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Bloomington council tables garbage truck purchases to next month.

Bloomington council tables garbage truck purchases to next month.


BLOOMINGTON — The City Council put off buying three automated garbage trucks for about $1 million until next month so it can see more research on whether the city should switch to electric models.

The council voted Monday night 5-4 to support Ward 6 Alderwoman Jenn Carrillo's motion to delay action until Sept. 9. That will let Public Works Director Jim Karch research whether electric trucks would be more viable and cost-effective than diesel ones.

The item was pulled from the consent agenda for further discussion after Ward 8 Alderman Jeff Crabill said the council received an email from William Rau, a professor emeritus at Illinois State University and a spokesperson for Illinois People’s Action, urging them to consider using electric garbage trucks.

When the city staff researched the issue last year, "the technology did not seem to be there yet ... the expense of the equipment, it was hard to overcome," said Karch. 

Some communities are conducting pilot projects using electric garbage trucks, "but we are not seeing a flood ... jumping onto this," said Karch, adding that some studies quoted the cost as "almost double upfront because the technology of the batteries was not there yet."

Karch said the city is in the process of replacing its 14 garbage trucks over several years, "so if by next year (the technology) is ready we can begin making that transition next year. If it is not, we can look at it the following year.

Council members Julie Emig of Ward 4, Joni Painter of Ward 5, Scott Black of Ward 7, and Crabill joined Carrillo is voting to delay the vote.

In another matter, the council voted 7-2 to change Mitsubishi Motorway in Bloomington to Rivian Motorway to recognize the technology company that bought the closed Mitsubishi Motors North America plant in Normal.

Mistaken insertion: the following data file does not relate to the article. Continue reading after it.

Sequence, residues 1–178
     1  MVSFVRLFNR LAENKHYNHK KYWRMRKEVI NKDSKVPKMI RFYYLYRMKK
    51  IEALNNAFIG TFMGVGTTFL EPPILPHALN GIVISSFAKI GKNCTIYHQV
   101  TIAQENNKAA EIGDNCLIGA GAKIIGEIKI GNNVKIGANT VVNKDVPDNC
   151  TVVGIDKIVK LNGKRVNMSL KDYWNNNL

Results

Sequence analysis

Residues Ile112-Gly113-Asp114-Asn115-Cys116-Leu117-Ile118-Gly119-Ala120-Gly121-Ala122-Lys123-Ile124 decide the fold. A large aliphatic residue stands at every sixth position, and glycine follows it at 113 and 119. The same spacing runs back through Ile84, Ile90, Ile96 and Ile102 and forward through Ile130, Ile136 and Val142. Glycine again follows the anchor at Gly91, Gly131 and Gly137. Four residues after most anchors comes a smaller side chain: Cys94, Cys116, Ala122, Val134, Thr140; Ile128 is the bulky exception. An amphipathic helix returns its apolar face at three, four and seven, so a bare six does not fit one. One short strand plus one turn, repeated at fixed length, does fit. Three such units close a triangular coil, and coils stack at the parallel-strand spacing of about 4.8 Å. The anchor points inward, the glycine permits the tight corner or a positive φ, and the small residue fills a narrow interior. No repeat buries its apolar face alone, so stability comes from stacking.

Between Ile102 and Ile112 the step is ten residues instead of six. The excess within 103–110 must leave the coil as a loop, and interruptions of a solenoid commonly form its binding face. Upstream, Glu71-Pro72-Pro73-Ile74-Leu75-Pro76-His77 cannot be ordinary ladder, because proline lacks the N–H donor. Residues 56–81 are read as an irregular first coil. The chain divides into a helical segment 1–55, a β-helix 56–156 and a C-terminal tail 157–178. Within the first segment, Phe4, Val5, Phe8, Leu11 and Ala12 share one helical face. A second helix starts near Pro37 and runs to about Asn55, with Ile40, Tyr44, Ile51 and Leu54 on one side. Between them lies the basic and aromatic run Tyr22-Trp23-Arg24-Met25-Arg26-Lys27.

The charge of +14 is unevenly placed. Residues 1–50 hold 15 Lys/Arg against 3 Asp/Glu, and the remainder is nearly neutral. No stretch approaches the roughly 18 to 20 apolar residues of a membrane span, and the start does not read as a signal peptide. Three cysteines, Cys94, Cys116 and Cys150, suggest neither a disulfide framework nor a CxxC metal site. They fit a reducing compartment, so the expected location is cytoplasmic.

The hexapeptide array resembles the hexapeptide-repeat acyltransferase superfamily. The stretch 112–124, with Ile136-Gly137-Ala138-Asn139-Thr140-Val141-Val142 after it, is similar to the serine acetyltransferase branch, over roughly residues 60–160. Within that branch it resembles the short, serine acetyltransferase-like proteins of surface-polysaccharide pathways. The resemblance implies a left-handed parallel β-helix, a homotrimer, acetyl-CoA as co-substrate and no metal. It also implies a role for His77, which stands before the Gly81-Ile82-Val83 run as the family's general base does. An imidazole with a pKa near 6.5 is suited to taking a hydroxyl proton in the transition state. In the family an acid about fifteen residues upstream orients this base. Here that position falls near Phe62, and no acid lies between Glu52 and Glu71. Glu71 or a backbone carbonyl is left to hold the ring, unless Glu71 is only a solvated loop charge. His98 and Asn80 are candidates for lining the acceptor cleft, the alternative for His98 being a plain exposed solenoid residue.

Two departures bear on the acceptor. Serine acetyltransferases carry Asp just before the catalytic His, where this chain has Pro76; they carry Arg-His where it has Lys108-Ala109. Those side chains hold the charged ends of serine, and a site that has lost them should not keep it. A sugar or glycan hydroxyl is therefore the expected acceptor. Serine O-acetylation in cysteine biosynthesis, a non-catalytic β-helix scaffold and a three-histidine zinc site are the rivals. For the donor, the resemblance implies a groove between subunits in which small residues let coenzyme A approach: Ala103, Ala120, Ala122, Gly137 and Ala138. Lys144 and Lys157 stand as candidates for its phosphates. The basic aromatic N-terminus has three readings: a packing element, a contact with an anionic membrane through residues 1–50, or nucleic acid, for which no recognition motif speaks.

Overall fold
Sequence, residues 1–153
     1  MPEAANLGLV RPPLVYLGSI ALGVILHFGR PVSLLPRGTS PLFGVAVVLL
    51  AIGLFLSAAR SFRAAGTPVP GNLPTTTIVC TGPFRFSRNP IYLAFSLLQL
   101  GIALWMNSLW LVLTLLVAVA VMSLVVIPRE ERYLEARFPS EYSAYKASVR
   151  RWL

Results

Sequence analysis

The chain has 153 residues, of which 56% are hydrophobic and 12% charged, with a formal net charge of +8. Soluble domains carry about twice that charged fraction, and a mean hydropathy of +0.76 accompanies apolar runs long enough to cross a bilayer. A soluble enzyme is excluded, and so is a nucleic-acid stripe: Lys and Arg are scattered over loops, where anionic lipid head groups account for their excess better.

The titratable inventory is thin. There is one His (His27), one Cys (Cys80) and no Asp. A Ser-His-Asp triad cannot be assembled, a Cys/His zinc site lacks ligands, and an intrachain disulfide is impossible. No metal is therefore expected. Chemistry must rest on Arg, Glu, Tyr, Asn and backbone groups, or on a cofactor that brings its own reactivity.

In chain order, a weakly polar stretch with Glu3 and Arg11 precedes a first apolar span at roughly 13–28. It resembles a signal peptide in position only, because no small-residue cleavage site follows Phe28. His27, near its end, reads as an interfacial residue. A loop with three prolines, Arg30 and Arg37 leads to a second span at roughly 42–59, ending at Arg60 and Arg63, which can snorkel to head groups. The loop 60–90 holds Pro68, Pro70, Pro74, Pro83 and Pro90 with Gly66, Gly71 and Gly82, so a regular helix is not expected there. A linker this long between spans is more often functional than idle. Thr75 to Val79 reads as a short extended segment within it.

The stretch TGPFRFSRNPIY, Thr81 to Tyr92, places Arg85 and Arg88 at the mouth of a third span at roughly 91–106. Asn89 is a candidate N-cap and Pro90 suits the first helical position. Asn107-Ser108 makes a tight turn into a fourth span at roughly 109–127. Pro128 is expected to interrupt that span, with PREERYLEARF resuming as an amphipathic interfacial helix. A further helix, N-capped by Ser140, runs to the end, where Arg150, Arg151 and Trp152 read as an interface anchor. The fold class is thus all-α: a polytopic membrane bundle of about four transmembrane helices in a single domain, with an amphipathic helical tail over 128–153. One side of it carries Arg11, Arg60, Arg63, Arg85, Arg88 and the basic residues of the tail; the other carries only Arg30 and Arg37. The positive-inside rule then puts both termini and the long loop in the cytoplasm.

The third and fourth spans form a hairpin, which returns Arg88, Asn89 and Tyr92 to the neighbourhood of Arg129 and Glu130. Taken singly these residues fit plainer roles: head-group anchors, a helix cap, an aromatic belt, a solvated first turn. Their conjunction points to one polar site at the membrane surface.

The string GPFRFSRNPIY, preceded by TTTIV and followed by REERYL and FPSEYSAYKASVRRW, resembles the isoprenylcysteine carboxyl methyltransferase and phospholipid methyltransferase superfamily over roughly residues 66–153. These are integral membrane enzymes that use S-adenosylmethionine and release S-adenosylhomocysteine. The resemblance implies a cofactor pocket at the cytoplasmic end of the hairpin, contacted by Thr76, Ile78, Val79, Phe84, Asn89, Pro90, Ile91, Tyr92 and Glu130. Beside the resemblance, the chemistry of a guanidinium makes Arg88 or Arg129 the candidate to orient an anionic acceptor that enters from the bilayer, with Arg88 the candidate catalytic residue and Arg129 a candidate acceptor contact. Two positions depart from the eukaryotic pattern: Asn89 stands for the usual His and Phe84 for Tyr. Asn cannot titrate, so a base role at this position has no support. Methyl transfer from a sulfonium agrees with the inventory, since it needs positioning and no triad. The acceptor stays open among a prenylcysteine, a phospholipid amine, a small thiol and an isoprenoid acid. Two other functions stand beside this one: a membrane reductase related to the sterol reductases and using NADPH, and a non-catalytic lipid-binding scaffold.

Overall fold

Carrillo and Ward 2 Alderwoman Donna Boelen cast the dissenting votes. Boelen said she objected to the name change because she wants the city to stop naming streets after businesses because "companies come and go and streets stay the same." Boelen and Painter said they heard from some business owners who said renaming the street would cost them $3,000 to $5,000 to change their websites and advertising. 

Rivian officials were prepared to reimburse affected businesses up to "a couple hundred bucks," but "not near that amount at all," said City Manager Tim Gleason.

The Normal City Council and the Emergency Telephone Systems Board approved the change in July. The change still needs to be approved by the McLean County Board.

The council also voted 8-1 to use some of the city's state motor fuel tax money to cover $600,000 for a second phase of design work to extend Hamilton Road between Bunn Street and Commerce Parkway. The city expects to be reimbursed later by the federal government for 80 percent of that cost.

The stretch of road is needed to complete a continuous east-west corridor south of Veterans Parkway.

Carrillo said she does not support the project because she has heard from constituents who think it "promotes outward sprawl instead of investment in our inner core."

On a motion made by Painter, the council voted 7-2 to approve appointments to various boards, except for John Corey and Guadalupe Diaz III to the city's transportation commission. Painter said they should be appointed to the boards that were their first choices, which for Corey was the Connect Transit board and for Diaz, the city planning commission. Black and Crabill did not support the motion.

Contact Maria Nagle at (309) 820-3244. Follow her on Twitter: @Pg_Nagle


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